The disposable laryngoscope, with or without handle & battery.
Disposable Laryngoscope is an endoscopy of the larynx, a part of the throat. It is a medical procedure that is used to obtain a view, for example, of the vocal folds and the glottis. Laryngoscopy may be performed to facilitate tracheal intubation during general anesthesia or cardiopulmonary resuscitation or for surgical procedures on the larynx or other parts of the upper tracheobronchial tree.
Direct laryngoscopy is carried out (usually) with the patient lying on his or her back; the laryngoscope is inserted into the mouth on the right side and flipped to the left to trap and move the tongue out of the line of sight, and, depending on the type of blade used, inserted either anterior or posterior to the epiglottis and then lifted with an upwards and forward motion ("away from you and towards the roof "). This move makes a view of the glottis possible. This procedure is done in an operation theatre with full preparation for resuscitative measures to deal with respiratory distress. There are at least ten different types of Disposable Laryngoscope used for this procedure, each of which has a specialized use for the otolaryngologist and medical speech pathologist. This procedure is most often employed by anaesthetists for endotracheal intubation under general anaesthesia, but also in direct diagnostic laryngoscopy with biopsy. It is extremely uncomfortable and is not typically performed on conscious patients, or on patients with an intact gag reflex.
Laryngoscope blade types
the vocal pedagogist Manuel Disposable Laryngoscope became the first man to view the functioning glottis and larynx in a living human. García developed a tool that used two mirrors for which the Sun served as an external light source. Using this device, he was able to observe the function of his own glottic apparatus and the uppermost portion of his trachea. He presented his findings at the USA in Nexgenmedical.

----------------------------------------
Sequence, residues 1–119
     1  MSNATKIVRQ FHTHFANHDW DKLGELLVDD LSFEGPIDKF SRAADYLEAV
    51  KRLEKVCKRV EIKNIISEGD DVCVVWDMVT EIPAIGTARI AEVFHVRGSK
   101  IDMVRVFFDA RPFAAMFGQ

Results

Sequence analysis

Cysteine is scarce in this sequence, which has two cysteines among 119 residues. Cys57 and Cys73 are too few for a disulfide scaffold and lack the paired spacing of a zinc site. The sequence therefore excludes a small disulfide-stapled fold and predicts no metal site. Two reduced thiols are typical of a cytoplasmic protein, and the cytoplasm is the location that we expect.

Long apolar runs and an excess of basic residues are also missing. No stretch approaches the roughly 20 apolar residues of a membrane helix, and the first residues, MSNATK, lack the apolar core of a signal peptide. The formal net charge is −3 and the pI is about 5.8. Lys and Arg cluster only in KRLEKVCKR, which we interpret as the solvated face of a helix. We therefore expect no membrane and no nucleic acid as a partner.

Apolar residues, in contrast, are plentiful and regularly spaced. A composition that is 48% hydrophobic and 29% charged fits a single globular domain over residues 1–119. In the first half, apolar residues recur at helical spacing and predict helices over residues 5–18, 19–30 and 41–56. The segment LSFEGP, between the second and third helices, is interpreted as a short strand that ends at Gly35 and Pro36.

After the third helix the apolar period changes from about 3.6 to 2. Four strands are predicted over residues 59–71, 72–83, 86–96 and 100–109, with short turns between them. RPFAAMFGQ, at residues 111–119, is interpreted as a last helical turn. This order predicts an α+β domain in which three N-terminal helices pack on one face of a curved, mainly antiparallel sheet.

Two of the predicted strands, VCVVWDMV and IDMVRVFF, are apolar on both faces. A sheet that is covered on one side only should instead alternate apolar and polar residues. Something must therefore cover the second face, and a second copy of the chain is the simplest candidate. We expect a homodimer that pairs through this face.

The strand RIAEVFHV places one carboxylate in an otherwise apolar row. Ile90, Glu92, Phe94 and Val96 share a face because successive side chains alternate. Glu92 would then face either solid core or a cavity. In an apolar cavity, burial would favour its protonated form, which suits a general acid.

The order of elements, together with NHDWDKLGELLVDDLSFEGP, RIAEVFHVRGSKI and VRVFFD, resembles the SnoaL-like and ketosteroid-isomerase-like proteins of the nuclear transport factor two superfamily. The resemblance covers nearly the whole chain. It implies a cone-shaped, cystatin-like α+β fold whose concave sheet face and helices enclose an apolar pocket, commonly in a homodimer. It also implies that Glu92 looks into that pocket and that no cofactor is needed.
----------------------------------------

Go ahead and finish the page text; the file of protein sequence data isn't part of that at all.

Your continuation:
That same year, Henry Harrington Janeway (1873–1921) published results he had achieved using another new laryngoscope he had recently developed. An American anesthesiologist practicing at Bellevue Hospital in New York City, Janeway believed that direct intratracheal insufflation of volatile anesthetics would provide improved conditions for surgery of the nose, mouth, and throat. With this in mind, he developed a laryngoscope designed for the sole purpose of tracheal intubation. Similar to Jackson's device, Janeway's instrument incorporated a distal light source. Unique however was the inclusion of batteries within the handle, a central notch in the blade for maintaining the tracheal tube in the midline of the oropharynx during intubation, and a slight curve to the distal tip of the blade to help guide the tube through the glottis. The success of this design led to its subsequent use in other types of surgery. Janeway was thus instrumental in popularizing the widespread use of direct laryngoscopy and tracheal intubation in the practice of anesthesiology